Brundle called this exact thing on live commentary. I can’t think of any other reason why they would do that.

        1. Tommy Scragend
          1st October 2022, 17:09

          (replying to myself)

          Of course it suits “The Show” for the feed to broadcast Verstappen asking why, but not to broadcast the answer, to which Verstappen probably responded “Ah yeah, makes sense, fair enough”.

          But not enough drama in that.

          1. Tommy, I’m not a fan of the way drivers comments are selectively edited and broadcast out of context but in this case I heard had Verstappen colorfully asking why, and his race engineer telling him something like “we’ll explain it when you are back in the garage”.

    3. Lewisham Milton
      1st October 2022, 16:15

      Find out next March when the Netflix script unit release their story. Good for The Show.

  2. Checo back on form to fend off critics. So nearly pole…

  3. Hmm so the story was rain-affected, intermediates on a largely walled track, before slicks for the final stint.
    Hamilton’s pace suggest the track suits Mercedes, as far as bounce and porpoising,
    eg they have consistent rear downforce to push hard.

    1. As for Verstappen running out of fuel, why would they even need to take that gamble. What were they looking to save by running light? If i had to guess, i’d say they had Verstappen back on an older engine, to preserve this newest engine for later,
      and so they needed this ploy to offset the older engine.

      Meanwhile, Hamilton on his newer engine nearly made that pace pay.

      1. Ajaxn, it sounds more like Red Bull miscalculating fuel consumption as the circuit conditions improved, coupled with Verstappen doing more laps in Q3 than the original run plan had allowed for. It probably wasn’t a deliberate gamble – instead, it looks more like an operational error by the team.

        1. Yeah – I thinks it’s a miscalculation in how much fuel he’d burn off in the drying conditions. The amount of time spent on the throttle will have varied massively throughout the sessions. You might argue just keep a bit extra fuel in as reserve, but with these overweight cars where teams are running without paint to save weight and a long two minute lap I think Red Bull just cut it too fine.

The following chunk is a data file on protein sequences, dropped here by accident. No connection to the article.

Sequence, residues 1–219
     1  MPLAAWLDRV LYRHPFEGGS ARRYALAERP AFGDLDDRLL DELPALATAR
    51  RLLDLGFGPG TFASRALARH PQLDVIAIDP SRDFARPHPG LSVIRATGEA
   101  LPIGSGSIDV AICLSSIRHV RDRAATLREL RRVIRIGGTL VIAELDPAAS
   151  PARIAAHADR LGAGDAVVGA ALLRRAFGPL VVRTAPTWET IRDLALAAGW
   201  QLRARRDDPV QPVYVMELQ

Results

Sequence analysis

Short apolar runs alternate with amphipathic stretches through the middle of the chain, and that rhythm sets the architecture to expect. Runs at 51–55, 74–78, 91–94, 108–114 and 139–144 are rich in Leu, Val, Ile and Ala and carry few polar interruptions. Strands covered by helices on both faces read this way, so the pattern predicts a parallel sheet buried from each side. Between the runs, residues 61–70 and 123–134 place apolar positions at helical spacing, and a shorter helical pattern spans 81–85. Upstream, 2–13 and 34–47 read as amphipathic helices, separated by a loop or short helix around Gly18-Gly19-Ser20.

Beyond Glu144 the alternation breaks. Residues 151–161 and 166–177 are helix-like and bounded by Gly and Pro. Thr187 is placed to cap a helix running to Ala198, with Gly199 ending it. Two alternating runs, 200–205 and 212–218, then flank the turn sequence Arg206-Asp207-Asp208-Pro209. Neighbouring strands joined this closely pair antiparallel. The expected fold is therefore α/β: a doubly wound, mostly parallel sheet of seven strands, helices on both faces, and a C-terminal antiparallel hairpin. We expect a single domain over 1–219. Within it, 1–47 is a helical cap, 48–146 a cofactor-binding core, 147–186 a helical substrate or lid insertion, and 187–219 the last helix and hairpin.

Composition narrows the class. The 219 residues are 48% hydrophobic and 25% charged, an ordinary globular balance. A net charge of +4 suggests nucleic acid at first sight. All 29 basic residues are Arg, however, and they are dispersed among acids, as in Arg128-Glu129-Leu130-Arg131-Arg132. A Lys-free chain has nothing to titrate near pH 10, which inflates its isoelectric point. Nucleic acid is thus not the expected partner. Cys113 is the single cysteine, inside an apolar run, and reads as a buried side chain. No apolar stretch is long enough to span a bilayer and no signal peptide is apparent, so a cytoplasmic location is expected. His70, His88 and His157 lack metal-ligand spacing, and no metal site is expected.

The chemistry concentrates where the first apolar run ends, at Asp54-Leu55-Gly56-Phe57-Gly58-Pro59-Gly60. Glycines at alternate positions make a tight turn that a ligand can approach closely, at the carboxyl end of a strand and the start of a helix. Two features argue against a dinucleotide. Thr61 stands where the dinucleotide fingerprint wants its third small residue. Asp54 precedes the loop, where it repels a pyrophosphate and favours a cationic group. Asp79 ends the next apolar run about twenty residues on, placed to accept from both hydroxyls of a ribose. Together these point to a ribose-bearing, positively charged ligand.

It makes sense to take a guaranteed top 10 start than risk not having enough for a sample and start at the back.

          1. I would’ve risked it, it’s a chance for pole, he looked fastest, and he’s not fighting for the championship and with his pace he could make a more interesting comeback from last in case the fuel wasn’t enough.

  4. Not enough money under the cost cap for fuel?

    1. Aha, that’s a good one.

  5. Great job by Leclerc he always delivers in quali. It will be an interesting race with Max in 8th, Singapore is tricky to overtake but a safety car is almost a certainty so there could be opportunities on strategy.
    It’s so weird how far behind Ricciardo is from Norris. In F1 terms it’s like they are on different planets.
    And Albon came out of ICU last week to outqualify his teammate, lol. Latifi is a nice guy and a real gent by all accounts but absolutely the right decision to replace him.

    1. In terms of getting into q3 ricciardo was actually pretty close, norris barely got through, I wouldn’t blame ricciardo on this particular occasion, mclaren seemed week on the wet.

  6. Let’s see if the legend’s run of winning fairytale would ended here on the tight street circuit which requiring mammoth skill and bravery for hard overtaking, not just the usual ‘power’ boasted straightline speed overtaking.

    1. Nah, max will be 2nd by lap 10

Comments are closed.